The total quality assurance effort requires that programs be documented properly. Software, systems, and formal and informal procedures need to be documented so that systems can be maintained and improved. Documentation allows users, programmers, and analysts to “see” the system, its software, and procedures without having to interact with it.
Turnover of information service personnel has traditionally been high in comparison with other departments, so chances are that the people who conceived of and installed the original system will not be the same ones who maintain it. Consistent, well-updated documentation will shorten the number of hours required for new people to learn the system before performing maintenance.
There are many reasons why systems and programs are undocumented or underdocumented. Some of the problems reside with the systems and programs themselves, others with systems analysts and programmers.
Systems analysts may fail to document systems properly because they do not have the time or are not rewarded for time spent documenting. Some analysts do not document because they dread doing so or think it is not their real work. Furthermore, many analysts are reticent about documenting systems that are not their own, perhaps fearing reprisals if they include incorrect material about someone else’s system. Defenders of the SDLC approach remind us that documentation accomplished by means of a CASE tool during the analysis phases can address many of these problems.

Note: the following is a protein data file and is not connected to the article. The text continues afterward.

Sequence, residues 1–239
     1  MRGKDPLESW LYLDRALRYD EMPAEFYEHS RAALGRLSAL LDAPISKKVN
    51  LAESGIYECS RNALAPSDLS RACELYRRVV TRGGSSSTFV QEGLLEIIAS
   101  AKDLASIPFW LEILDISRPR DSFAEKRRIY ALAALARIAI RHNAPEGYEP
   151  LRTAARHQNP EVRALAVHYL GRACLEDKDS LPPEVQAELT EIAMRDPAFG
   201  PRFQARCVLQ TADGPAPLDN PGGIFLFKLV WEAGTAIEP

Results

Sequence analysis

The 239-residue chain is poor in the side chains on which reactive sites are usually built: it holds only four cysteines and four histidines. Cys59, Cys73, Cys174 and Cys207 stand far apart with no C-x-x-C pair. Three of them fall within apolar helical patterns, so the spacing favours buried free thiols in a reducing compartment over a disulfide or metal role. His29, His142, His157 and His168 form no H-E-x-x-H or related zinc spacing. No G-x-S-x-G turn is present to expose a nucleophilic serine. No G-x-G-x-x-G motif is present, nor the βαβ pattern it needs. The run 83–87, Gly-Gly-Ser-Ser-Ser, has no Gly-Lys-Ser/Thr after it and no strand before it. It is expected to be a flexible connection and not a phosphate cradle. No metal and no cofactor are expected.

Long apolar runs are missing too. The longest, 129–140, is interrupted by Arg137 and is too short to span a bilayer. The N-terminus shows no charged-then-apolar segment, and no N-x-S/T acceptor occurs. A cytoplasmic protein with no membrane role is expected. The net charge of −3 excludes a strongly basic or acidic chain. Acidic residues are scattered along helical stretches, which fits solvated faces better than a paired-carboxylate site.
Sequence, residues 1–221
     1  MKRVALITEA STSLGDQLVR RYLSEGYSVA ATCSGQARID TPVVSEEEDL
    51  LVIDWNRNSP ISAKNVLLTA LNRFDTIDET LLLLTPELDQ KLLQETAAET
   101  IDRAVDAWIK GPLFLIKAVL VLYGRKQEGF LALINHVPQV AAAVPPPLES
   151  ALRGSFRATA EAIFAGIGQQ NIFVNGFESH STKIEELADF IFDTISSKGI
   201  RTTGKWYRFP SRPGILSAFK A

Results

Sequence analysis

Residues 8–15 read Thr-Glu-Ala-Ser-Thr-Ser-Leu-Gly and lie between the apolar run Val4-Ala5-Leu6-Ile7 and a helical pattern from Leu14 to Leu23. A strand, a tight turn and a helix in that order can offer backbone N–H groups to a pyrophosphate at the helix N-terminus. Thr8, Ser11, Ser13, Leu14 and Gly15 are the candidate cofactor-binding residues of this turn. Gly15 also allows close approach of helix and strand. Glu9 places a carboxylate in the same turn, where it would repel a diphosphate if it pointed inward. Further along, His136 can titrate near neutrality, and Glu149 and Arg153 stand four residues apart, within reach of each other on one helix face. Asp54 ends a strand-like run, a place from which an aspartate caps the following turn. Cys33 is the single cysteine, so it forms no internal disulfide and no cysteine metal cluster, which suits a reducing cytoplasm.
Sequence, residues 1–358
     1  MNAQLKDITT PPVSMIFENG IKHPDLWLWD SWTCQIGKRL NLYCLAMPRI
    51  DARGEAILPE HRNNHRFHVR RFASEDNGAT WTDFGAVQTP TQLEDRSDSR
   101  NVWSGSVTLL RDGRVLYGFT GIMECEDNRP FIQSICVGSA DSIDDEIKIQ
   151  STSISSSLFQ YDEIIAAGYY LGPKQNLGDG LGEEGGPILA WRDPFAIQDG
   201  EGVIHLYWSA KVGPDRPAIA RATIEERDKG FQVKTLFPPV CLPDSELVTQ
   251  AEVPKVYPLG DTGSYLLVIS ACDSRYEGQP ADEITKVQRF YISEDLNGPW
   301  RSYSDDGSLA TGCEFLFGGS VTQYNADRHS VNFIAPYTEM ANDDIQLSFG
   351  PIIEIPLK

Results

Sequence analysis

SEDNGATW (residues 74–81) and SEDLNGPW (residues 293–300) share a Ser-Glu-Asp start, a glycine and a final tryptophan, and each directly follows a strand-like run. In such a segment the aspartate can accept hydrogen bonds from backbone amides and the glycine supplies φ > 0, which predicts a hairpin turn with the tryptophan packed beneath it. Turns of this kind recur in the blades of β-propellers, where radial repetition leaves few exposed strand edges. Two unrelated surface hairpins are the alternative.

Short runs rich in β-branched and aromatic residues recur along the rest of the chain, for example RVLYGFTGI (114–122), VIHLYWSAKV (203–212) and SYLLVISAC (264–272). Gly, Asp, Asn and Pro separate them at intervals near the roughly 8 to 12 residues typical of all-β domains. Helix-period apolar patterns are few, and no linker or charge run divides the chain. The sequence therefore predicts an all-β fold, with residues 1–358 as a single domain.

Procedure manuals are common organizational documents that most people have seen. They are the English-language component of documentation, although they may also contain program codes, flowcharts, and so on. Manuals are intended to communicate to those who use them. They may contain background comments, steps required to accomplish different transactions, instructions on how to recover from problems, and what to do next if something isn’t working (troubleshooting). Many manuals are now available online, with hypertext capability that facilitates use.
A straightforward, standardized approach to creating user support documentation is also desirable. To be useful, user documentation must be kept up to date. Use of the Web has revolutionized the speed with which assistance can be obtained by users. Many software developers have moved user support—complete with manuals, FAQ pages, online chat, and user communities—to the Web.
Key sections of a manual should include an introduction, how to use the software, what to do if things go wrong, a technical reference section, an index, and information on how to contact the manufacturer. The biggest complaints with procedure manuals are that (1) they are poorly organized, (2) it is hard to find needed information in them, (3) the specific case in question does not appear in the manual, and (4) the manual is not written in plain English.